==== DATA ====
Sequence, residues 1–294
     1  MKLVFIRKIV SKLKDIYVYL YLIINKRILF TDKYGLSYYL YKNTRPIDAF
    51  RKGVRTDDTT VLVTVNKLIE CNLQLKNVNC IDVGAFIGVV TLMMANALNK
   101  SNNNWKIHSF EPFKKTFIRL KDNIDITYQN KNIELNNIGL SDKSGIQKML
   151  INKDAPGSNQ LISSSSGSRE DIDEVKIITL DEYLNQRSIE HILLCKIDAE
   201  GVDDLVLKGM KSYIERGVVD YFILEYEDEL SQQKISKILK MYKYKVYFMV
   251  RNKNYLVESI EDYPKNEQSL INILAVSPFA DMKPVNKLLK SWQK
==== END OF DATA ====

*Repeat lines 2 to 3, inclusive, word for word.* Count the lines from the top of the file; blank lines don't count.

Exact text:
     1  MKLVFIRKIV SKLKDIYVYL YLIINKRILF TDKYGLSYYL YKNTRPIDAF
    51  RKGVRTDDTT VLVTVNKLIE CNLQLKNVNC IDVGAFIGVV TLMMANALNK